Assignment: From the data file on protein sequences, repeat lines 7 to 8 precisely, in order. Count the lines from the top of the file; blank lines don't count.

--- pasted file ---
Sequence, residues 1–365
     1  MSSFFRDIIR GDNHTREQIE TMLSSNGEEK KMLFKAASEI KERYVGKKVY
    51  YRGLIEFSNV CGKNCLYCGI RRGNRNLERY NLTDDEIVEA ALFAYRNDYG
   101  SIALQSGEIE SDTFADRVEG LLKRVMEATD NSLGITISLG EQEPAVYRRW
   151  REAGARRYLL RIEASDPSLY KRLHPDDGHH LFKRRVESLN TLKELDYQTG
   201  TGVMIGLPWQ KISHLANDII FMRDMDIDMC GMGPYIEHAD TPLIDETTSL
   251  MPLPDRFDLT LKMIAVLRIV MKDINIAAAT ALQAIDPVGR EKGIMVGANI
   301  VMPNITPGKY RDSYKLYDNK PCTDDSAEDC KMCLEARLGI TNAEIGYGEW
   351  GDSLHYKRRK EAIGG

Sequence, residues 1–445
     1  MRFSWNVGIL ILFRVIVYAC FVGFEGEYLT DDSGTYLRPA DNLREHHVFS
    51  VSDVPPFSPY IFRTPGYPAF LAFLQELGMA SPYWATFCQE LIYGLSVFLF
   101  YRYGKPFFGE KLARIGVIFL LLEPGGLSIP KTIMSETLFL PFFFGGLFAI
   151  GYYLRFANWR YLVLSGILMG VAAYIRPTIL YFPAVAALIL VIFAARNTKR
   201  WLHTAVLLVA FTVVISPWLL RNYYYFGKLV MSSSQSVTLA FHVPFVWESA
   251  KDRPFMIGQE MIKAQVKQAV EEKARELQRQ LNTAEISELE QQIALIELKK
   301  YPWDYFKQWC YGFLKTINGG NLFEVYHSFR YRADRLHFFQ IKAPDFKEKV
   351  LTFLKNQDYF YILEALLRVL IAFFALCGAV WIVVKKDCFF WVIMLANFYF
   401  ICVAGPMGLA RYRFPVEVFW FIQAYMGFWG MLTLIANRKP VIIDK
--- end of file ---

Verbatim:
   251  MPLPDRFDLT LKMIAVLRIV MKDINIAAAT ALQAIDPVGR EKGIMVGANI
   301  VMPNITPGKY RDSYKLYDNK PCTDDSAEDC KMCLEARLGI TNAEIGYGEW